MIAMI (CBSMiami) — A Coast Guard Cutter remains at sea Monday, where it’s been since Friday with 21 Cuban migrants on board.
Many of the South Floridians who believe their loved ones are on that Coast Guard vessel have turned to the attorneys at the Democracy Movement for help.
They not only want to ensure those on board will not be sent back to Cuba, they also simply want verification that their relatives survived the journey and are with the Coast Guard.
“It’s so sad because you don’t know about him, nobody can tell you anything. And they know what happened with the people,” said Hildanys Rodriguez through tears. She became emotional when talking with CBS4’s Natalia Zea about the possible worst case scenario, involving her cousin Francis Alejo.
She knows he left Cuba on a homemade boat with friends, and prays he is one of the migrants picked up five miles off of Marathon Key Friday but at this point the Coast Guard is not naming names.
“Nobody wants to give information, please I ask if somebody can help,” said Rodriguez.
Compounding Rodriguez’s fear is the knowledge that relatives in South Florida have given the Democracy Movement 38 names of those believed to have left Cuba at the same time. But the Coast Guard found only 21.
Two were found in the water near the American Shoal Lighthouse. Nineteen others made it to the lighthouse itself.
“We’re talking about persons. It’s so really hard. It’s so hard to not know what happened to your family,” said Rodriguez.
Yamilia Carril also hopes her nephew Carlos Barrios was one of the 19 migrants who swam to the federally-owned lighthouse, and are awaiting word from the federal government, whether this counts as U.S. land, under the Wet-Foot, Dry-Foot policy.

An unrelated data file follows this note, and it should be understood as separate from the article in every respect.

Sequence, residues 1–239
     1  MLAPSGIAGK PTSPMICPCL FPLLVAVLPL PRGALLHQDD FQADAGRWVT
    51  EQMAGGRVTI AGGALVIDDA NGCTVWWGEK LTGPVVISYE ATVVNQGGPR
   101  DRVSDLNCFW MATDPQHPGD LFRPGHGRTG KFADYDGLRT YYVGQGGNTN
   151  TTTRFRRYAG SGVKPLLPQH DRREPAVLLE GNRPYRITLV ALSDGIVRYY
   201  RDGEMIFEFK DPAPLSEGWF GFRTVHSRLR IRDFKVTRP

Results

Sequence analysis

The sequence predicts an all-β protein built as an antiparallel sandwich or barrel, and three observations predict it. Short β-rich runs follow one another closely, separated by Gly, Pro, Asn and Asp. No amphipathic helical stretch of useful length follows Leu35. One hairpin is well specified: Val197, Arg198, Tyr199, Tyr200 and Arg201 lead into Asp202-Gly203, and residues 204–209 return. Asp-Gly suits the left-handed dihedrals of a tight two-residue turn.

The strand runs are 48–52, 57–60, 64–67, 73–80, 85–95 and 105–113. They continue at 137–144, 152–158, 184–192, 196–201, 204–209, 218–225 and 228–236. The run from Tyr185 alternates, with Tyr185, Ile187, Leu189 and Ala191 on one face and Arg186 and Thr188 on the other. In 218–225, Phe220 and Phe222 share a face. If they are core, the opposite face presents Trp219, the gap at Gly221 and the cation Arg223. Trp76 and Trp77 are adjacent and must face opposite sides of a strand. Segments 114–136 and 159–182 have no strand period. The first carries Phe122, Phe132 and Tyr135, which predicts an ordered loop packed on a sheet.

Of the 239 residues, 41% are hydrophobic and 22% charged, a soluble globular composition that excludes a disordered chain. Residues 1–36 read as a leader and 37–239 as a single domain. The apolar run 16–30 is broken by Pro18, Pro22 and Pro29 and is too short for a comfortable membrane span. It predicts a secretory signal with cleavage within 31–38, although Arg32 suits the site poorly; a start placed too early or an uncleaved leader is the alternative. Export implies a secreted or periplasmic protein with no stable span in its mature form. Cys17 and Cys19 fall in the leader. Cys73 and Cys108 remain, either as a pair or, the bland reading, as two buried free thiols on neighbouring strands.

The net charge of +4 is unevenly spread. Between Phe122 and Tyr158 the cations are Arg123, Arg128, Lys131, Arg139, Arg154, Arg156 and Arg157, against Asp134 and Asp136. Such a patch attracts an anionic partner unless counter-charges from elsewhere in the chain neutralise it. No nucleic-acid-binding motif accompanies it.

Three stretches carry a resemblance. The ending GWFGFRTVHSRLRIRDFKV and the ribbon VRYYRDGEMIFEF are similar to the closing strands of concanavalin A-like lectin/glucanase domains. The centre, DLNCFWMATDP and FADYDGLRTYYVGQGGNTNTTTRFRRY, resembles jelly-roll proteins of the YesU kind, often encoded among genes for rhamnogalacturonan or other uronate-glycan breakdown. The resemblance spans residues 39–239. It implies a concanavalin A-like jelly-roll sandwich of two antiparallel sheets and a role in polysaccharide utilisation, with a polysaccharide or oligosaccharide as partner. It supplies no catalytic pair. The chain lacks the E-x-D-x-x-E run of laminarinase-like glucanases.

“I’m very nervous with my nephew,” she told Zea.
Cuban exile activist Ramon Saul Sanchez says the lighthouse is clearly part of the United States.
“The lighthouse is anchored in the platform of U.S. territory. It is in U.S. waters,” said Sanchez.
Sanchez said the 10-year-old case involving the Cuban migrants who made it to the old 7-Mile-Bridge set a precedent to allow these Cubans to remain.
Legal experts say that the previous federal judge simply agreed to a settlement to allow those Cubans to be given visas, but that the judge never weighed in on whether the bridge was considered U.S. soil.
Many of the relatives went to the offices of South Florida members of Congress Monday to plead for help. Congressman Carlos Curbelo says this is in the administration’s hands.
“It’s the Coast Guard’s call, whatever they decide…but I think anyone who feels for these people would really like to see them get the opportunity to stay,” said Curbelo.
Carril cringes at the thought of the Coast Guard sending the migrants back to Cuba, after all they risked to make it the U.S. She says she is all her nephew has left.
“He lost his mother. many years, 10 years and I’m the only person here he has,” said Carril.
Late Monday, Curbelo’s office told the Democracy Movement activists they are working with the Coast Guard to speed up the process of identifying those on board that Cutter at sea.
As for what will happen to them, if the Coast Guard sends them back to Cuba, the activists say their attorneys are ready to file legal action in federal court to fight to allow them to stay in the United States.